I feel that the information coming from China is very detailed and valuable about the course and treatment of this virus right now, and as with every other aspect of this epidemic our health system is a little behind the curve.

For simplicity’s sake, we can characterize as follows:

Asymptomatic- exposed, no symptoms, still requires sequestration

Mild- Fever < 100, sore throat, dry cough, maybe aches, chills, white tongue coat, some fatigue

Moderate- Fever > 100, dry cough may become noisy, inability to breathe deeply and likely some wheezing, thicker tongue coat, profound fatigue, perhaps strong chills

Severe/Pneumonia- This is hospital stuff; exhaustion, chest blockage, bowel incontinence, etc.

As you can see, “mild” is not so mild, and moderate is like a pretty bad flu.

In addition, it seems that variants have been reported than start as a “cold” and then progress, so any upper respiratory illness should be treated with respect and caution until it clears.

Some non-TCM advice from the Naturopathic world includes the following suggestions for supplements in preventative mode:

  1. Vitamin C: 3,000 milligrams (or more) daily, in divided doses. (Might be too much for some folk’s tummies—try only 1000)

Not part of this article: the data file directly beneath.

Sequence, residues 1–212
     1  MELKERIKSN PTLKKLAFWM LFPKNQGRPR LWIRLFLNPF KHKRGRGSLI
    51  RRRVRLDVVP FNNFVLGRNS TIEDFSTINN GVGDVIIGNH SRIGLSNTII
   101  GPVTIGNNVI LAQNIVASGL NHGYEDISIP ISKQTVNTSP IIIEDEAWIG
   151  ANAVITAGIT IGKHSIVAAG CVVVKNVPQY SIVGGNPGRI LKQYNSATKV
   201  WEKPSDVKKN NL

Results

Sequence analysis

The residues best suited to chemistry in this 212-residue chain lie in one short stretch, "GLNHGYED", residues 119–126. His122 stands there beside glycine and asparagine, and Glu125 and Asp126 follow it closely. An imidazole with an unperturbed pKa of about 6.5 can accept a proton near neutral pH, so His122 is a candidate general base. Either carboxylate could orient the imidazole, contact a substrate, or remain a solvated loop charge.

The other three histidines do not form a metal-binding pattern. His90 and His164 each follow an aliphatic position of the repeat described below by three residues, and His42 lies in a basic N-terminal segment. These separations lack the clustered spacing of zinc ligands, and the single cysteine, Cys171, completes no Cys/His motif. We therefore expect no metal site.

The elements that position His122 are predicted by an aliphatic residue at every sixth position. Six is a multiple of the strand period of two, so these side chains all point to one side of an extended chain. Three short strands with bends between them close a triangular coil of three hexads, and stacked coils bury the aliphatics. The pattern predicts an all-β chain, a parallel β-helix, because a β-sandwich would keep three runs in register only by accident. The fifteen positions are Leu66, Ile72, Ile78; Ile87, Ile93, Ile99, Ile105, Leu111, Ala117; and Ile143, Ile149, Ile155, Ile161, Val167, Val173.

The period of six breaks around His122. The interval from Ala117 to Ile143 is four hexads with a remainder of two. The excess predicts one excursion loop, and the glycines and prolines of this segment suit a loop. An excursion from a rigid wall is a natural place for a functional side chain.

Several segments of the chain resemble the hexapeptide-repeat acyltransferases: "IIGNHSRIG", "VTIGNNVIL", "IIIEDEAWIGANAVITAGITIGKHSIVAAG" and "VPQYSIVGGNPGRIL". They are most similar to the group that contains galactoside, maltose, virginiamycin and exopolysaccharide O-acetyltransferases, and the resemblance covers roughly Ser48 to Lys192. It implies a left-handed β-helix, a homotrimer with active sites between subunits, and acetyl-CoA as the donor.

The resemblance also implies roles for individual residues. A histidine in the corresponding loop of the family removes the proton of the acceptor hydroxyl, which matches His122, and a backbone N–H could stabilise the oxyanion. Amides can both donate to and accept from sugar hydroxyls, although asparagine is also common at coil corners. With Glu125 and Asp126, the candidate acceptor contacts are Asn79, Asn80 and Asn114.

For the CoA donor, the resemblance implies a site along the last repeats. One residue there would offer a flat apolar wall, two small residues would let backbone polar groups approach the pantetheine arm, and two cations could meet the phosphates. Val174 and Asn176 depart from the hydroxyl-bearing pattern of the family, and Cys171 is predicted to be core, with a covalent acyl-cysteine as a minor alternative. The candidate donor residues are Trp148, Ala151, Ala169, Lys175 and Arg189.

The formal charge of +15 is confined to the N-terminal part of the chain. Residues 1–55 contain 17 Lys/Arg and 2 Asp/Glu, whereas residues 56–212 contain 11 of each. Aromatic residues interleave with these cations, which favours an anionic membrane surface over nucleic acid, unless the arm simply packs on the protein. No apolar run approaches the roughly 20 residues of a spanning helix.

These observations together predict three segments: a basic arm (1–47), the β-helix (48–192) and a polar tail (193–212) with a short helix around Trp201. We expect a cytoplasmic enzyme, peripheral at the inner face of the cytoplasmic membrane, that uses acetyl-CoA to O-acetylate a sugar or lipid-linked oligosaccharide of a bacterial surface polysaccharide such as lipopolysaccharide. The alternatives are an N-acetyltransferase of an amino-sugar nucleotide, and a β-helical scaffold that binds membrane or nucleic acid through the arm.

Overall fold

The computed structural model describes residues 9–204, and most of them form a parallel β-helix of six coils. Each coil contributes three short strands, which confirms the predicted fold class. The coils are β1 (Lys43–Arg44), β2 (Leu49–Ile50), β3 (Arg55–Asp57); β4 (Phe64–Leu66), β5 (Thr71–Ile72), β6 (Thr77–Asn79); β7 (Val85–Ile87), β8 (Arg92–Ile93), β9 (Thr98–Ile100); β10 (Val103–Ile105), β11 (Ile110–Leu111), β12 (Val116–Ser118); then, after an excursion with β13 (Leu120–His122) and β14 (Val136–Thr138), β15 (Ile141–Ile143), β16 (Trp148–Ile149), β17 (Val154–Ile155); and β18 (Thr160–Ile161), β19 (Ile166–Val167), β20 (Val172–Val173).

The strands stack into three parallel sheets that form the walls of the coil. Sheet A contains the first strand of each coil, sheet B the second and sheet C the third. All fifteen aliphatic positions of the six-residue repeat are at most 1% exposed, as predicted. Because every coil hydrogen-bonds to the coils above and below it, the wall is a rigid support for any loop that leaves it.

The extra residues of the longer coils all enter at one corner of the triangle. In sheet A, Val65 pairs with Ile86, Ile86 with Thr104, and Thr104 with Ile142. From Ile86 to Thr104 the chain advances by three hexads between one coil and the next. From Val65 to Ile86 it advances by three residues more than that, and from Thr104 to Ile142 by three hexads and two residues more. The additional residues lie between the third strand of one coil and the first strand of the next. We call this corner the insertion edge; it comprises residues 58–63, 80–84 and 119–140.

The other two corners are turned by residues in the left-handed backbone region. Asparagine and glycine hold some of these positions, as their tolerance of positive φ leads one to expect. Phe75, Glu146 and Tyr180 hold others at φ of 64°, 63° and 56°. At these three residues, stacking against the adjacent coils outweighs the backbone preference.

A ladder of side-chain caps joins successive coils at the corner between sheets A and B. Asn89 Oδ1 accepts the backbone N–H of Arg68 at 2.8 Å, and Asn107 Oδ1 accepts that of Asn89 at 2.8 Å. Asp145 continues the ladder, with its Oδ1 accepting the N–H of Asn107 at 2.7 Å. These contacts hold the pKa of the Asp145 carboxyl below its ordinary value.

2. Vitamin D3: 2,000 IU daily. (Start with 5,000 IU/day for two weeks, then reduce to 2,000)
  3. Magnesium: 400 mg daily (in citrate, malate, glycinate)
  4. Zinc: 20 mg daily
  5. Selenium: 100 mcg (micrograms) daily

In addition, if you are in fact ill, I (and now everyone else) would recommend using acetaminophen as preferred fever and pain relief. This is because NSAIDS may reduce your immune response slightly.  If you are taking NSAIDS for another medical condition, do not stop them, but do be careful about using your fever as a guideline as it will be thrown off by them.  You may add 100-200 mg of Co-Q10/day as it may help get more oxygen to your cells.  Reduce food intake, and increase water, electrolytes and simple sugars/carbs.  A shortcut is something like Powerade- or make a healthier version.  Consider getting a tub of some healthy exercise formula, which is some blend of carbs/protein/electrolytes.  I personally recommend a blend of Orgain (available at Costco and online) and Ribose powder, but there are many forms.  Emergen-C is good stuff for electrolytes, if you can get it! However, honestly, in a pinch when you’re ill, Powerade is fine, as are any of the exercise gel packs (Clif, etc.) for carbs and electrolytes. That’s all for now, and check back for updates!